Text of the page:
The noise of a cat had never triggered her curse before. She’d never become a long-tailed rodent either. Normally dog noises triggered the curse; normally she became a hare. But nothing was normal today.
Poppet’s paw prodded at the entrance to the hole. Her hot fishy biscuity breath filled the space. However, the cat was too big to get in and Molly was too far back
to be dragged out.
As she crouched there, panting and shivering, she wondered what had just happened.
Molly had been cursed by an angry witch last autumn, so that she turned into a hare – like a bigger stronger faster rabbit – whenever she heard a dog bark or growl. And she stayed a hare until she crossed a boundary, usually the boundary between gardens or farms.
She’d learnt to control the curse, so she could shift into a hare whenever she wanted to, for speed or size or even for fun. But she still had to cross a boundary
to become a girl again, so she was now an expert on land boundaries in her own Edinburgh neighbourhood, and boundaries round the town of Craigvenie, further north, where she’d been cursed.
Apart from a few days last year when the witch had altered the curse so it was harder to shift back, Molly’s curse had been stable and manageable for months. Until today.
So she’d better go north, to see if the friends whose curses she’d lifted last year could help her work out why her curse had become more dangerous. But she couldn’t go to Speyside until she got out from under this shed and became a girl again.
Molly shivered as she watched Poppet’s paw withdraw at last. She crouched in the dark, wondering how she would cope if she was stuck as this trembling and terrified creature forever. Because if the rules or strength of her curse had somehow changed, perhaps crossing a boundary wouldn’t shift her back?
There was only one way to find out. She moved to the entrance of the hole, her whiskers snuffling and jerking. She couldn’t smell cat breath. She couldn’t sense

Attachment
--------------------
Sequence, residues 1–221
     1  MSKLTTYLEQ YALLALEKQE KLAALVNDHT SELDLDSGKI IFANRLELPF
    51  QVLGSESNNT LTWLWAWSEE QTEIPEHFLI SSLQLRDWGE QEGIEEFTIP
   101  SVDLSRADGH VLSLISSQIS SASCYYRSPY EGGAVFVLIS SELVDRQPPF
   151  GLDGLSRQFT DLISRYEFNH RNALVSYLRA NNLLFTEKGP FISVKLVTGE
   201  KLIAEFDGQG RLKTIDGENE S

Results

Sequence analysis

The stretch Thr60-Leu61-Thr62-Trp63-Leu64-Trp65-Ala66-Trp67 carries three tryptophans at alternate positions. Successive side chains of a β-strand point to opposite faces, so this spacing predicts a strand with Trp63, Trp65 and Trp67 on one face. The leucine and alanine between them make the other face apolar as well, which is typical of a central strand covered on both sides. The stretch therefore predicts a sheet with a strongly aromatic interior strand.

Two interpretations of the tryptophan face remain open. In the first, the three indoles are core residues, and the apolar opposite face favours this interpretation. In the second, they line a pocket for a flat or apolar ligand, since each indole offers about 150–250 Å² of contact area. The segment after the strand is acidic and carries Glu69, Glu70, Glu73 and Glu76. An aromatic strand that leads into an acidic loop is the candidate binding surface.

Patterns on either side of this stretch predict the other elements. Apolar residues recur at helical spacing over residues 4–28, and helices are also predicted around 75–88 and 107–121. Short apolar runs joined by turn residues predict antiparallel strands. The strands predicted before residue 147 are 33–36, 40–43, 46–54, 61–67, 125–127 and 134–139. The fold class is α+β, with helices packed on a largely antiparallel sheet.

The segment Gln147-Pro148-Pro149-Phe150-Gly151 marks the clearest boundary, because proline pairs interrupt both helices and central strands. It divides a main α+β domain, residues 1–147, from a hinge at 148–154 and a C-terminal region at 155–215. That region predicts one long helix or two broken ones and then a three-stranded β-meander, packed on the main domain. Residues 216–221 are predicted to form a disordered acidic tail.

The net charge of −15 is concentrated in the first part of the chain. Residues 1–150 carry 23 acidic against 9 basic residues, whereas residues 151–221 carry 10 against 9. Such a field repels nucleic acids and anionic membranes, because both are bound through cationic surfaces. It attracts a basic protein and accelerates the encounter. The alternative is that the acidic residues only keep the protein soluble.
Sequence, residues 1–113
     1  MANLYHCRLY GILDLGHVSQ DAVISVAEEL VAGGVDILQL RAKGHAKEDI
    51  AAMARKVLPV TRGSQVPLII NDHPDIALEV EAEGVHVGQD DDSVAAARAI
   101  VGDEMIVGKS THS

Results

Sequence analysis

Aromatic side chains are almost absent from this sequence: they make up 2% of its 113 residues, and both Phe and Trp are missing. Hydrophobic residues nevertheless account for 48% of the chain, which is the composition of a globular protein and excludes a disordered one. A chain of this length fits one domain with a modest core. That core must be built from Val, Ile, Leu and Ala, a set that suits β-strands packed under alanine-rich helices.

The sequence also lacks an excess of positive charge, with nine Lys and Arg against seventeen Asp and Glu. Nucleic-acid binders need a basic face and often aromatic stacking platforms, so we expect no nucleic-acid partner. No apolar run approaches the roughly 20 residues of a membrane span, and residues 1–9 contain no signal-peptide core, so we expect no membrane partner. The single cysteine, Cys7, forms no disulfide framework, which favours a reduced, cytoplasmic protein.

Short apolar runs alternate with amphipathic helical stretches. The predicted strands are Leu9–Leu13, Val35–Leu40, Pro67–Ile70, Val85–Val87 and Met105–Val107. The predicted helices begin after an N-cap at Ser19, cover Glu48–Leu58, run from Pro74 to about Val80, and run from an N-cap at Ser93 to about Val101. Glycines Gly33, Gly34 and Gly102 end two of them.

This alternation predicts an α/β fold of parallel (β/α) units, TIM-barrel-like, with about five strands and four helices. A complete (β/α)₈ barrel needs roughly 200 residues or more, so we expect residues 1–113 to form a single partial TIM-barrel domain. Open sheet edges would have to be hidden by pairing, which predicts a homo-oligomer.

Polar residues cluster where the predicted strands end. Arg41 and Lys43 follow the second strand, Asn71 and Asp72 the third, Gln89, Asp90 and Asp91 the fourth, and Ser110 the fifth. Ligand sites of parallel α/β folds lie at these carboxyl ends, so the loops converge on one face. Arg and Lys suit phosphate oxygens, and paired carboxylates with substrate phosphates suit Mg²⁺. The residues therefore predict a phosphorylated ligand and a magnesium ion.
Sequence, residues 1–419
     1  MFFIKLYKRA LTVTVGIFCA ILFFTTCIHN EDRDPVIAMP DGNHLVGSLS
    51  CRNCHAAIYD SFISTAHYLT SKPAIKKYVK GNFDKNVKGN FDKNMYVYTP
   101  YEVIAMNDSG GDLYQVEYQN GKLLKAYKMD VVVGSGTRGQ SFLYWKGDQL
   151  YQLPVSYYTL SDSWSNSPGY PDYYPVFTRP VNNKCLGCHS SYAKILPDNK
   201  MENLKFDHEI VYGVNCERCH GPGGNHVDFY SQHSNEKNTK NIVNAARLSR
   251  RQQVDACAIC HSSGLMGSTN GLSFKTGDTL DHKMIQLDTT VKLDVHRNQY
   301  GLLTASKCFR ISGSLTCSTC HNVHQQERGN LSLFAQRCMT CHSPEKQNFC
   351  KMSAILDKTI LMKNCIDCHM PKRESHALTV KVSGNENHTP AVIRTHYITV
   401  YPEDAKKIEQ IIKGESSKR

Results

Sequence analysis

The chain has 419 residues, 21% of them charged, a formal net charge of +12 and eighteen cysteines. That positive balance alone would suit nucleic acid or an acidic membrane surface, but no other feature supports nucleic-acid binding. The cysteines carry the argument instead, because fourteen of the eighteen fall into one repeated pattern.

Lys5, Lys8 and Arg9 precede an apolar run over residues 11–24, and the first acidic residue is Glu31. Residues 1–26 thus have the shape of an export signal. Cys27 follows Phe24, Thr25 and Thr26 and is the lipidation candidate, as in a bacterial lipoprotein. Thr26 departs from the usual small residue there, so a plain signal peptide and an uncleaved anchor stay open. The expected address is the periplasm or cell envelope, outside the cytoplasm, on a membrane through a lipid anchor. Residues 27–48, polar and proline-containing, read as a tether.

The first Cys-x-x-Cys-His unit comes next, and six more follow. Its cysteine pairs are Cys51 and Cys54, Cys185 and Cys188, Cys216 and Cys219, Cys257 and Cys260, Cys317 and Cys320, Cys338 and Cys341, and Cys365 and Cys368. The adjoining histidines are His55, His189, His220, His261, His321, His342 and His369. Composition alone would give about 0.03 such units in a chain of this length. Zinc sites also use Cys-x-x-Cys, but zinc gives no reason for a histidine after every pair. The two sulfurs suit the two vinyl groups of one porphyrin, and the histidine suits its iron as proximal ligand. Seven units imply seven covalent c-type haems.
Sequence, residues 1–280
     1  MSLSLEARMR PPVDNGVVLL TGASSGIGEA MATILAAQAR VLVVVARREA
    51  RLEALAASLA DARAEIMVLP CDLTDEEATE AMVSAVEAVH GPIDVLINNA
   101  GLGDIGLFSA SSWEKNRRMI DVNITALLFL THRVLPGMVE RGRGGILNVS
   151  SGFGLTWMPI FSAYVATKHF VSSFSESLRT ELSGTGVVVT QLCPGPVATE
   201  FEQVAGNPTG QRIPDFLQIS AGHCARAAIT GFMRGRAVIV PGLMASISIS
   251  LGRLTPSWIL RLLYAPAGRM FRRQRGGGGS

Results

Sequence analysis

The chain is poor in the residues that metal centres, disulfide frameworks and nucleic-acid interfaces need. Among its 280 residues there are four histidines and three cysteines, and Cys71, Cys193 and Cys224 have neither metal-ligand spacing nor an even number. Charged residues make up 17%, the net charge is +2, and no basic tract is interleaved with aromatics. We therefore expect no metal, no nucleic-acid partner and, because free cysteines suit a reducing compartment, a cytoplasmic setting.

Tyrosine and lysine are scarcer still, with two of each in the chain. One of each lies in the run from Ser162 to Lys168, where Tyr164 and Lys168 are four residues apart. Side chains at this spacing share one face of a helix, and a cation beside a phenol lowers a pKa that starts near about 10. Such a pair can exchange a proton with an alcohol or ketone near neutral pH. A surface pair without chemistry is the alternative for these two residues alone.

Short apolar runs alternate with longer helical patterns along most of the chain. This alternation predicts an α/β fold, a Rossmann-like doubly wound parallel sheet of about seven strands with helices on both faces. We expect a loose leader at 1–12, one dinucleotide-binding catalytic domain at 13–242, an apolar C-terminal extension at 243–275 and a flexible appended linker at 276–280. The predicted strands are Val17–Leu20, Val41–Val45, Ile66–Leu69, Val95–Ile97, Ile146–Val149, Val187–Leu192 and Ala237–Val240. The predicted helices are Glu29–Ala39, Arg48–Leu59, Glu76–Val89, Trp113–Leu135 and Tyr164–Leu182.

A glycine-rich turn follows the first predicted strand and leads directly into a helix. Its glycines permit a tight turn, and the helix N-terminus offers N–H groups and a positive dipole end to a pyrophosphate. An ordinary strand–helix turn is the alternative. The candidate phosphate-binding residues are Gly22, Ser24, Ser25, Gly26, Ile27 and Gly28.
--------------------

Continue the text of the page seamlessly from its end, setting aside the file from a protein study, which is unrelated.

animal heat or hear a huge heartbeat.
Poppet had probably given up. It was probably safe.
Molly hesitated. She didn’t want to leave the security of this dusty dark hole. But she gathered all the courage she could find in her tiny shaking body, dashed out of the hole and ran towards the nearest gap in the fence.
A white shape leapt from the shed roof, bounded onto the top of the fence and landed on the grass, paw slashing down to trap the tiny form on the ground.
And Poppet scratched the knuckle of Molly’s human thumb.
The cat backed off, white fur standing up along her spine.
Molly smiled. “Sorry to give you a fright, Poppet.”
She climbed over the wooden fence and ran to her back door, hoping the cat wouldn’t miaow again before she got inside.
She rushed into the living room. “Mum, Dad, can I go to Aunt Doreen’s next week, for the February holidays?”
Her mum said, “Again? You stayed with Doreen last tattie holidays and complained the whole way up the A9. But then you pestered us to take you up at Christmas, and now you want to go again next week? What’s in Speyside
that you can’t get in Edinburgh?”
“My friends in Craigvenie,” said Molly. But she was also thinking about the magic she’d discovered up north, which made Craigvenie the best place to find
• ut why her curse had suddenly become so much stranger and more dangerous.
She looked at her dad. “When I’m with my Craigvenie friends, we play in the woods, by the rivers and in the hills, like you did when you were wee.”
He smiled. “It’s a good place to grow up. If the snow holds off, I’ll drive you north.”
So Molly went upstairs to pack, and to work out how to avoid cats as well as dogs for the next three days.